ORG'AISriZED CE'IME IN ENPT'ERSTAT'E COMMEROE 13 

"Cash Receipts and Disbursements'" for the Club Boheme gambling 
operations ? 

Mr. Seymour Eisen. No one handed it to me. The only way it 
happens is this : I would go into the casino room at the cashier's table 
and that is where it was and I just took them. 

Mr. Halley. Some time ago you said that Mr. Lansky himself kept 
that record; is that correct? 

Mr. Seymour Eisen. As far as I know^; yes. 

Mr. Halley. Is that his handwriting? 

Mr. Seymour Eisen. I don't know. 

Mr. Halley. We are looking at page dated 1-3-50, which presum- 
ably means January 3, 1950. In the upper right-hand column there 
is shown a balance of $175,886.83. Do you recognize that hand-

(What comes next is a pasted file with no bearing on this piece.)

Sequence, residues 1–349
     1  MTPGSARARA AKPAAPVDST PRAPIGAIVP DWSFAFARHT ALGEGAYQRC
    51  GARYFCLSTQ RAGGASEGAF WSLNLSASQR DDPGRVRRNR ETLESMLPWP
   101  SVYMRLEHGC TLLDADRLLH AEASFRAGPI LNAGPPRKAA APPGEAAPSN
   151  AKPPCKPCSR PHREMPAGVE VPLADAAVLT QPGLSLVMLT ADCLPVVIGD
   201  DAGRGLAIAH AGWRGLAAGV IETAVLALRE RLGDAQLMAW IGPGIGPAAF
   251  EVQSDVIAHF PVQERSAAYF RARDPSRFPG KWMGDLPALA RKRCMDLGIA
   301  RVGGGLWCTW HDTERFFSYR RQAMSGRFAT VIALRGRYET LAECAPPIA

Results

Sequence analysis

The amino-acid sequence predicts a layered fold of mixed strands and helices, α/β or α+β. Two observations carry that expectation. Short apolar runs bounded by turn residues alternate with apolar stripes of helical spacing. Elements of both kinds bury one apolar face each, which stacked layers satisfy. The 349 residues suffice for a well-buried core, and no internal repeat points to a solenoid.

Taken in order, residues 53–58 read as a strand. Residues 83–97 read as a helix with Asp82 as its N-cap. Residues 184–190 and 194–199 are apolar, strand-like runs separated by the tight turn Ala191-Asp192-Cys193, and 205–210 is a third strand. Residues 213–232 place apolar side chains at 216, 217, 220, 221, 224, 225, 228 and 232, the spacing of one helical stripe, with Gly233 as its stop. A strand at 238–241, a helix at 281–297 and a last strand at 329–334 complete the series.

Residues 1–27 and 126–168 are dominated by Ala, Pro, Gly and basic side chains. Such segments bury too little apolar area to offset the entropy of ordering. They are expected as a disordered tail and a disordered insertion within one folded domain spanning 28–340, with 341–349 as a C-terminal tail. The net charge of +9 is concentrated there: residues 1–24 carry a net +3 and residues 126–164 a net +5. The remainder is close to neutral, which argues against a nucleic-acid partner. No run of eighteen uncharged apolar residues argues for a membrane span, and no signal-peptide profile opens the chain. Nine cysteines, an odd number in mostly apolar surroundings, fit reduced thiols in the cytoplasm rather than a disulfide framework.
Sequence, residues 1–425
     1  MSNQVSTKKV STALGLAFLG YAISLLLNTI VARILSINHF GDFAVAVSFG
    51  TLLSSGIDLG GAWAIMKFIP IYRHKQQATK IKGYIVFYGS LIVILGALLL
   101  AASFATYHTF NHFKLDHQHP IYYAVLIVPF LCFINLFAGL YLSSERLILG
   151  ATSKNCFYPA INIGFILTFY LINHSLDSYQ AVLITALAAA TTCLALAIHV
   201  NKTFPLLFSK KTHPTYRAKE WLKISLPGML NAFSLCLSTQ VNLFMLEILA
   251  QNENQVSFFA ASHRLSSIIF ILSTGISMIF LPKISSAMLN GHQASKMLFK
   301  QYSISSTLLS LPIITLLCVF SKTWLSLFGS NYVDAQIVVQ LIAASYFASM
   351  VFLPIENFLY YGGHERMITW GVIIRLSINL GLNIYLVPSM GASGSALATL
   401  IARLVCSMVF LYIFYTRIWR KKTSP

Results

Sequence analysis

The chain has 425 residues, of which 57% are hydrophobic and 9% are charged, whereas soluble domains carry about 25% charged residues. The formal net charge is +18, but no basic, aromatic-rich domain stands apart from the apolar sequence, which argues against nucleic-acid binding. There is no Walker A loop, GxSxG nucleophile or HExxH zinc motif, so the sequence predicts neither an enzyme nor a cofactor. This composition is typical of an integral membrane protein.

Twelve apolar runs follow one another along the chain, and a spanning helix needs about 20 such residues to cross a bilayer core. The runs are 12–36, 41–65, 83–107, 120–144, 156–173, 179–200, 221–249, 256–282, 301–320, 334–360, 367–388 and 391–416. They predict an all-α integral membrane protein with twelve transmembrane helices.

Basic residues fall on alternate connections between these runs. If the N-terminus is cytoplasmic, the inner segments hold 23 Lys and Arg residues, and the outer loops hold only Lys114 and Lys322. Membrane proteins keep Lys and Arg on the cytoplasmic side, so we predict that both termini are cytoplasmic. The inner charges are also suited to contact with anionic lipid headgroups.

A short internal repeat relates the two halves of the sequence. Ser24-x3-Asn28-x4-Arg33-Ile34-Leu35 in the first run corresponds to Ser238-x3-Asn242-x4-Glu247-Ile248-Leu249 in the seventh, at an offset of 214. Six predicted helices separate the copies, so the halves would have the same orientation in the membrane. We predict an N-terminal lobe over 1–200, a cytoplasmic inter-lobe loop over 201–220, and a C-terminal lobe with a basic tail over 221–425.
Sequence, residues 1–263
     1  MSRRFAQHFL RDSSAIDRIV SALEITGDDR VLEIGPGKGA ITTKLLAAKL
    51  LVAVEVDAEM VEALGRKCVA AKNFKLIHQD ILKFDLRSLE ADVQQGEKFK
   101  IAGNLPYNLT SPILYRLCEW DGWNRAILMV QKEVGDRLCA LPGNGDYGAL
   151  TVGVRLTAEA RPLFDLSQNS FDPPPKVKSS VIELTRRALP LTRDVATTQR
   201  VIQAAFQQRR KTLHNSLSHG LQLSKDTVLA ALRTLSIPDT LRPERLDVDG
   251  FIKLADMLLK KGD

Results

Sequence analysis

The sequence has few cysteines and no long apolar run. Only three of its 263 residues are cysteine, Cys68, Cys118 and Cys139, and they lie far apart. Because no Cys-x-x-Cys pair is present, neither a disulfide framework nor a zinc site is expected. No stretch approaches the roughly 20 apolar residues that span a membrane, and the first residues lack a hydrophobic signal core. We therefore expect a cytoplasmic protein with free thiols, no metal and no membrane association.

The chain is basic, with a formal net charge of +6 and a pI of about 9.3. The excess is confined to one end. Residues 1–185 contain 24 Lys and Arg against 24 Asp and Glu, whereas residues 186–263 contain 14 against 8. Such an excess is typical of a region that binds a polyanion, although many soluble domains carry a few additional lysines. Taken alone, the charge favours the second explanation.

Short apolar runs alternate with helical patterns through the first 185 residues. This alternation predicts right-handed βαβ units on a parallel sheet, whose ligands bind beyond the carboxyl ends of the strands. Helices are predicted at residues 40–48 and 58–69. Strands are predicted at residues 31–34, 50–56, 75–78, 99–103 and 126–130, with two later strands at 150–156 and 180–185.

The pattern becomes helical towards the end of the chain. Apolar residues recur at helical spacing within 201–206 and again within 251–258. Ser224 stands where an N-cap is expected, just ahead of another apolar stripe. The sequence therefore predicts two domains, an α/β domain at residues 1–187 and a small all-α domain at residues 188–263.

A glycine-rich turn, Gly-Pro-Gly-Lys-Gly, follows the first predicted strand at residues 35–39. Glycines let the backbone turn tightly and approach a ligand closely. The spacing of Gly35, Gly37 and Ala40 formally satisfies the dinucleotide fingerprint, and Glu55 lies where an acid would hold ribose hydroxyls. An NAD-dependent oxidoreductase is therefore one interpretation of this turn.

writing at all? 

Mr. Seymour Eisen. No, sir. 

Mr. Halley. Did you ever see anybody making these sheets out? 

Mr. Seymour Eisen. No, sir. 

Mr. Halley. Who told you these sheets existed? 

Mr. Seymour Eisen. Mr. Lansky had the records. 

Mr. Halley. Which Mr. Lansky? 

Mr. Seymour Eisen. Jack Lansky I am referring to, sir. 

Mr. Halley. What records does he have ? 

Mr. Seymour Eisen. He is in charge of all records, and I did the 
work for him as bookkeeper. 

Mr. Halley. At the end of each night's operations is the cash 
counted ? 

Mr. Seymour Eisen. May I explain something here. There are 
two divisions to this, the restaurant and the casino. I handled the 
restaurant. 

Mr. Halley. You count the cash each night at the restaurant? 

Mr. Seyiniour Eisen. Yes; and I make the deposits. 

Mr. Halley. You don't count the cash at the casino ?